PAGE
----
Police have obtained information that school children are being used to spot desirable motorcycles and scooters.
Youngsters aged 11 to 13 years have been asked to call a mobile phone number by local thieves (usually not much older themselves) when they see a valuable bike stopped for even a few minutes.
Cash or some other reward is given to the youngsters, and a scooter with rider and pillion will appear shortly after to steal the motorcycle or follow the rider.
Thieves have been tracked via telephone numbers found on mobiles, so police are asking parents and guardians to check their children’s phones for unusual connections, and to ask where any new cash, watches, cameras etc. have come from.
Vehicle theft is estimated to increase by at least 20% by the end of the year, with the overall recovery rate expected to be around 45%. BikeSocial’s in-depth reviews of trackers could help you get yours back if you’re unlucky enough to be a victim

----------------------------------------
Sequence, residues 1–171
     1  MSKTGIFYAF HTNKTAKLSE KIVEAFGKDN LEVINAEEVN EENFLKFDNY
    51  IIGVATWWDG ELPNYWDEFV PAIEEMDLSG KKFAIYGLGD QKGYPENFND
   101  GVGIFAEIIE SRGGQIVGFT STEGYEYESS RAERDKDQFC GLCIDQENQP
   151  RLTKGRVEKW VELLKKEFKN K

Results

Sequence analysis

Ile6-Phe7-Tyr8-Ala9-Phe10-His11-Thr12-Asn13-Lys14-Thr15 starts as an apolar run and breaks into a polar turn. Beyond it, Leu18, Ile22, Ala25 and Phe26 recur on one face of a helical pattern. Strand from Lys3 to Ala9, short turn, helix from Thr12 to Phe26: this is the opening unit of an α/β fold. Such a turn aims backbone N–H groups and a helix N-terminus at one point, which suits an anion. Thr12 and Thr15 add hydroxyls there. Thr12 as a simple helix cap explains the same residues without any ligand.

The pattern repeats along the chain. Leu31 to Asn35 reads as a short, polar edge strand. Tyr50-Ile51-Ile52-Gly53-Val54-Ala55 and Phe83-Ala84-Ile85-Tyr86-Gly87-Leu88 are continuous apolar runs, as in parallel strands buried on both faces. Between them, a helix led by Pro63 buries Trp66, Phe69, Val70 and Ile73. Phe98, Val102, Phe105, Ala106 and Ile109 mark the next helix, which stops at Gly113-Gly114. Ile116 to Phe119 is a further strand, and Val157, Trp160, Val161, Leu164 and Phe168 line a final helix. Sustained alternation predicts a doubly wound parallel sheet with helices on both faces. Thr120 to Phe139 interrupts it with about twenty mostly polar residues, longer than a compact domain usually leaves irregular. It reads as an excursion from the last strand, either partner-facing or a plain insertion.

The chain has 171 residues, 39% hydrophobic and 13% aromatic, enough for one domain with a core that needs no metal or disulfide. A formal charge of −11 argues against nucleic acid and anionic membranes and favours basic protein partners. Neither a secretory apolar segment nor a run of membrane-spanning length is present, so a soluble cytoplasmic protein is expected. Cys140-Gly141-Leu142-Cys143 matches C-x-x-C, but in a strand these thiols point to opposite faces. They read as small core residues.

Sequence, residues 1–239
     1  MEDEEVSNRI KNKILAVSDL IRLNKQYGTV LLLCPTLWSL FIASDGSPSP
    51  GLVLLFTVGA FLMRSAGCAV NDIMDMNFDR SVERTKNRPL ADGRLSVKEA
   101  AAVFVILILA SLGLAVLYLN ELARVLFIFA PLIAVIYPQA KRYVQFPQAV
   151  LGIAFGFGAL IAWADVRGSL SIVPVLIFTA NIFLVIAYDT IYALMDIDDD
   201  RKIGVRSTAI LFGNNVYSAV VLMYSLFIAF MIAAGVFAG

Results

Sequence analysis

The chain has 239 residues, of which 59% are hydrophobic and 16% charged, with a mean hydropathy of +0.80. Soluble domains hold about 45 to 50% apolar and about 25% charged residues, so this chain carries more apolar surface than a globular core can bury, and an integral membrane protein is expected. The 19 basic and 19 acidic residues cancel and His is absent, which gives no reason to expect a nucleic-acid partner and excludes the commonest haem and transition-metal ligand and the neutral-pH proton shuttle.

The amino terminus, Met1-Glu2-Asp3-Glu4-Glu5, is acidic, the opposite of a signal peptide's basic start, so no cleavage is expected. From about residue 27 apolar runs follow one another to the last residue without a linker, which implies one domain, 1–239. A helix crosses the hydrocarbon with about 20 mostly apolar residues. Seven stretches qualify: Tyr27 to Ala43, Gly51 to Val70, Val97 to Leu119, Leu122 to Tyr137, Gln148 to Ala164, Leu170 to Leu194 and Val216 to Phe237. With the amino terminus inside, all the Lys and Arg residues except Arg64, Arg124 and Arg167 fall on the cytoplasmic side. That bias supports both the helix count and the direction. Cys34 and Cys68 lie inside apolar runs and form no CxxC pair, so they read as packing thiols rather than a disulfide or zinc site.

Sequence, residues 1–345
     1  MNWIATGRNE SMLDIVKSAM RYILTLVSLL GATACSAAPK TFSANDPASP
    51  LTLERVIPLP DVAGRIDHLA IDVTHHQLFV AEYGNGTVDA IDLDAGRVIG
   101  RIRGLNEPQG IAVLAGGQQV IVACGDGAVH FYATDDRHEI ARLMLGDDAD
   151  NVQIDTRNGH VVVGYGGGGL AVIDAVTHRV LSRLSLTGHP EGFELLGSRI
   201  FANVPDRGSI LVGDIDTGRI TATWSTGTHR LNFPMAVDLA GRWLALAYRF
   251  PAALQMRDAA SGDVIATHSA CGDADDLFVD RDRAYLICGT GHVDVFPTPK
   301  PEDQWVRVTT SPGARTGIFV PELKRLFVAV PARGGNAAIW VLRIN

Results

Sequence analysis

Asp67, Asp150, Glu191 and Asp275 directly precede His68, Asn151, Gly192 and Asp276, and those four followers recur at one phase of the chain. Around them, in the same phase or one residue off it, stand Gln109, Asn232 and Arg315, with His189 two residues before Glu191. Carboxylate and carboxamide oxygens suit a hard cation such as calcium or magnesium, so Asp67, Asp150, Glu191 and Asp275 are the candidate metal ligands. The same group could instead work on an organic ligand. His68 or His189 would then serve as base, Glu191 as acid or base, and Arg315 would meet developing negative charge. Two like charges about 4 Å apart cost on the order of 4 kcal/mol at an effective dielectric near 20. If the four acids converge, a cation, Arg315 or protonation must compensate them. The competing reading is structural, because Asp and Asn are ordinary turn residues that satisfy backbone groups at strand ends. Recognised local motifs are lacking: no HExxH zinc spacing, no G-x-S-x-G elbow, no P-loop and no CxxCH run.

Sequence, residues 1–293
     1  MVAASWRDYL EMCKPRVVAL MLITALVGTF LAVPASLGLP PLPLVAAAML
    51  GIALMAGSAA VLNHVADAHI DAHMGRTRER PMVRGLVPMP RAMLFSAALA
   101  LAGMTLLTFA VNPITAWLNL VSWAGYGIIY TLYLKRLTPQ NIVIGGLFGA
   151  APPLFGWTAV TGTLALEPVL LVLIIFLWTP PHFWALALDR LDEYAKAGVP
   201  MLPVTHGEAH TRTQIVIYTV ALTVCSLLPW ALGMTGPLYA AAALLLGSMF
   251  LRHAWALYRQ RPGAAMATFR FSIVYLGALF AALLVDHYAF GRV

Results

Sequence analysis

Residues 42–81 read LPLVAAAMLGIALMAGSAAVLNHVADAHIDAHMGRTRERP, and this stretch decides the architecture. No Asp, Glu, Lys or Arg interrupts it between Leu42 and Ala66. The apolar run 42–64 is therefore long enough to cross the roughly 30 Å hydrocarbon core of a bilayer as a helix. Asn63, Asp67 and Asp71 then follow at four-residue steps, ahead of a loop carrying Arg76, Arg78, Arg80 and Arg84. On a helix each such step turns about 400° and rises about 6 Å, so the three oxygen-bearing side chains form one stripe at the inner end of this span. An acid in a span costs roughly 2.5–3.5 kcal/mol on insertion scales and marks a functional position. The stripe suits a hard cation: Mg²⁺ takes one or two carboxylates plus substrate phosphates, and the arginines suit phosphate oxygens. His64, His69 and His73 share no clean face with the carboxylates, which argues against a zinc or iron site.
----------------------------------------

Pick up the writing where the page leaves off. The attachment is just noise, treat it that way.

The theft of classic bikes and cars are showing a worrying trend, with thefts expected to be around 25% up on last year, and a poor recovery rate of 7% to 10%.
Organised crime has clearly been targeting high value classic machines, the demand for which is now huge around the globe, with evidence indicating that many buyers are unfortunately not asking too many questions about a vehicle or part’s true provenance.
Owners, collectors, auction houses and museums are advised to consider assisting police by using invisible identity marking and fitting tracking devices to both their cars and motorcycles. The majority of stolen classics that have been recovered were tracked, positively identified by their hidden markings and repatriated to their owners.
Classic vehicle theft investigation – like other more serious crimes – needs to be successful within the first 48 hours of the incident, as the opportunity to drive or ride them quickly into Europe – many prior to their theft being reported – or placing the vehicles in a shipping container, is still the criminal’s preferred option.